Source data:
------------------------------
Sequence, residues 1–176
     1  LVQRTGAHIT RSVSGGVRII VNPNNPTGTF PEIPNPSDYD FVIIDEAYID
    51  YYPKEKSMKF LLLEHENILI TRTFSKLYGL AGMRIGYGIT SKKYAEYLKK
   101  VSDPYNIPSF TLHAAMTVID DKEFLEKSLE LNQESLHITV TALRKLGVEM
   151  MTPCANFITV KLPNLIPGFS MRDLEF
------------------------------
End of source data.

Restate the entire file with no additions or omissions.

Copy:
Sequence, residues 1–176
     1  LVQRTGAHIT RSVSGGVRII VNPNNPTGTF PEIPNPSDYD FVIIDEAYID
    51  YYPKEKSMKF LLLEHENILI TRTFSKLYGL AGMRIGYGIT SKKYAEYLKK
   101  VSDPYNIPSF TLHAAMTVID DKEFLEKSLE LNQESLHITV TALRKLGVEM
   151  MTPCANFITV KLPNLIPGFS MRDLEF